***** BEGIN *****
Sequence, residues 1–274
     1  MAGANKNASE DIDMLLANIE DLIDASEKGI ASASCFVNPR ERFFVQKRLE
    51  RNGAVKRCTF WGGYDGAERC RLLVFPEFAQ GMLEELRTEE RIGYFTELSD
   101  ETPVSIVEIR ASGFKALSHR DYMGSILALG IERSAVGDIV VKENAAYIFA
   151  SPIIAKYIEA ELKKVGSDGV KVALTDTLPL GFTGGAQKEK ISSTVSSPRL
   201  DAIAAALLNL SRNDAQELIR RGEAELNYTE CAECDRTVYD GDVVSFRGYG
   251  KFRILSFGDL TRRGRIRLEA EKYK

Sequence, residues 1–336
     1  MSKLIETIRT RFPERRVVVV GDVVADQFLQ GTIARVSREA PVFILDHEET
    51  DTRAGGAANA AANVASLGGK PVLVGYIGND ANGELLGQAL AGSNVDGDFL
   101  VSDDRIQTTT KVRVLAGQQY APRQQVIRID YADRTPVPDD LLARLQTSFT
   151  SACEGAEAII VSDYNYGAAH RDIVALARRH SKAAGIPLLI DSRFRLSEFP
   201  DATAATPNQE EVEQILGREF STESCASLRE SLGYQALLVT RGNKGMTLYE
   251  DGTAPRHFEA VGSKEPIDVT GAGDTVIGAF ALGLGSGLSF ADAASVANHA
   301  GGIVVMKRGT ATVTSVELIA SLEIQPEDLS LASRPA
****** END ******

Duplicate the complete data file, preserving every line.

Sequence, residues 1–274
     1  MAGANKNASE DIDMLLANIE DLIDASEKGI ASASCFVNPR ERFFVQKRLE
    51  RNGAVKRCTF WGGYDGAERC RLLVFPEFAQ GMLEELRTEE RIGYFTELSD
   101  ETPVSIVEIR ASGFKALSHR DYMGSILALG IERSAVGDIV VKENAAYIFA
   151  SPIIAKYIEA ELKKVGSDGV KVALTDTLPL GFTGGAQKEK ISSTVSSPRL
   201  DAIAAALLNL SRNDAQELIR RGEAELNYTE CAECDRTVYD GDVVSFRGYG
   251  KFRILSFGDL TRRGRIRLEA EKYK

Sequence, residues 1–336
     1  MSKLIETIRT RFPERRVVVV GDVVADQFLQ GTIARVSREA PVFILDHEET
    51  DTRAGGAANA AANVASLGGK PVLVGYIGND ANGELLGQAL AGSNVDGDFL
   101  VSDDRIQTTT KVRVLAGQQY APRQQVIRID YADRTPVPDD LLARLQTSFT
   151  SACEGAEAII VSDYNYGAAH RDIVALARRH SKAAGIPLLI DSRFRLSEFP
   201  DATAATPNQE EVEQILGREF STESCASLRE SLGYQALLVT RGNKGMTLYE
   251  DGTAPRHFEA VGSKEPIDVT GAGDTVIGAF ALGLGSGLSF ADAASVANHA
   301  GGIVVMKRGT ATVTSVELIA SLEIQPEDLS LASRPA